Data management solutions can enable you to better track the contact, organization, and program information you need to be successful, and streamline key processes like donations or communications. It’s an all-too-common scenario… you know that a data management solution could help your nonprofit, but need to convince your leadership. Where do you start? What should you focus on?
Katie Hubner, U.S. Operations Manager at nonprofit One Acre Fund, knows your challenges. One Acre Fund is a multinational nonprofit that uses a CRM to manage donor and financial data, communications with different departments, and more. Here are Hubner’s top tips for buy-in:
1. Address resistance by emphasizing simplicity.
Realize that upper management might have the same resistance to learning a new data management system that other staff do. They have the least amount of time to spend on training, so focus on how this effort is going to simplify their lives.
2. Make efficiency gains tangible.
Excite your board and management by making flowcharts or schematics for how the data is going to flow across your team, from trigger events to desired outcomes. You can work backwards from what you need to find out in your business processes (such as due dates of an application, relationship mapping, etc). Then overlay your needs onto the system, figuring out whose time goes to what. This will help you make the case for where you can automate, whose work you are simplifying, and costs you are saving. See more ways to make the case here.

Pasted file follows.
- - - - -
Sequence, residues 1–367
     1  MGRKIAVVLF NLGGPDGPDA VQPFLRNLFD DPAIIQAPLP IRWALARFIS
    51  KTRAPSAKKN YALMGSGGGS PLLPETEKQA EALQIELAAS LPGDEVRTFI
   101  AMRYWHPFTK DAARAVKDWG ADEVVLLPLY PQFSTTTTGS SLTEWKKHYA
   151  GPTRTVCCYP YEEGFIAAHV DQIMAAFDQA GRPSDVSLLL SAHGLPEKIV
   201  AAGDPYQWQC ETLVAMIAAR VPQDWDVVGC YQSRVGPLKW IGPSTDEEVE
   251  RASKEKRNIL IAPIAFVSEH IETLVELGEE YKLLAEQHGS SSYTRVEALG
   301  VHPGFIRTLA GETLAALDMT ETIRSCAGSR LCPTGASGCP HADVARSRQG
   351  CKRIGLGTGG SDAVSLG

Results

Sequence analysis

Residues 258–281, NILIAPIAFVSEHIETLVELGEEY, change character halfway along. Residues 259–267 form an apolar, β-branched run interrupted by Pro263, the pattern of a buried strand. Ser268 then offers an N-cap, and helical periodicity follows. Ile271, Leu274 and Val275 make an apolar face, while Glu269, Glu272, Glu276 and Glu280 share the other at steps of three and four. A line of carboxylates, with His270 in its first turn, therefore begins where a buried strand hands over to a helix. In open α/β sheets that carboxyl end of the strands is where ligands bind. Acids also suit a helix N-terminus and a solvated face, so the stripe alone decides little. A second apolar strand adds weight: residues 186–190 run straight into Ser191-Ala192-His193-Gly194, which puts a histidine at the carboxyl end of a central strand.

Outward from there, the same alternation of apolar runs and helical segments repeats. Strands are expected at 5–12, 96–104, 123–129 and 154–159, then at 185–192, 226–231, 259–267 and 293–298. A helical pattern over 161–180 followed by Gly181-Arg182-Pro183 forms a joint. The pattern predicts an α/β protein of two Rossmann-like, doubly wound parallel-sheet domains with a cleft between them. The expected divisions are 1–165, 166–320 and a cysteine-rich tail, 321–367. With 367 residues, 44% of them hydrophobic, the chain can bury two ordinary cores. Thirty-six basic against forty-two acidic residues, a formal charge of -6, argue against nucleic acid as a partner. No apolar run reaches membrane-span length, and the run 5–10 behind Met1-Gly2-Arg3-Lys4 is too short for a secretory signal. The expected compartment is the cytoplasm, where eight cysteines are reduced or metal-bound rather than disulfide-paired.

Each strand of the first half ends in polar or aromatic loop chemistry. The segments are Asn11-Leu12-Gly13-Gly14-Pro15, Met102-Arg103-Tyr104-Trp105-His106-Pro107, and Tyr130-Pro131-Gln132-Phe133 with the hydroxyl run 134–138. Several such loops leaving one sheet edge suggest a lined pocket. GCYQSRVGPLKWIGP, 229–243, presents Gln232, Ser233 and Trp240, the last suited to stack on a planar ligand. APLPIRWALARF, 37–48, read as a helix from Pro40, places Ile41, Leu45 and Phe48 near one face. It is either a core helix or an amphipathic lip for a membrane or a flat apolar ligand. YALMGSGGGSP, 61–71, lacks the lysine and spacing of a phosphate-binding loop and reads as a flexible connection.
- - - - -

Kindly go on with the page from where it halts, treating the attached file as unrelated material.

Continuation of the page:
3. Go to the heads of impacted teams.
By making your case to leadership one at a time, you have a chance to address individual concerns. Also, once you start getting approval, tell them who else has signed off on it, as this can help your cause.
4. Present the counter-reality.
In other words, state what things will look like if you don’t address this. Be realistic about it, for example: “This problem has limited impact for now, and we may be okay not addressing it for a few months, but the situation will be much thornier in the next few years as we grow.”
5. Think small.
It’s nice to sell the big picture view, but it can also be compelling to solve a specific data problem. If it’s too overwhelming, people may give up. If you focus on getting buy-in for a smaller project first, and then show results, it can be motivating and confidence-building.
6. Empower a champion.
Find an enthusiastic party willing to do research on cool new tools and apps. Ideally this would be someone with formal or informal influence at the organization, but it should also be someone whose job is impacted by the switch. This person can help you win over management as well. They will also feature in your larger technology adoption strategy.
Kerry Vineberg is Marketing Associate at Exponent Partners, a mission-based technology consulting firm and B Corp that helps nonprofits use information technology to carry out their missions more effectively. Her career includes experience in nonprofit, higher education and startup settings, with an emphasis on capacity-building in the nonprofit sector. Twitter: @ExP_SF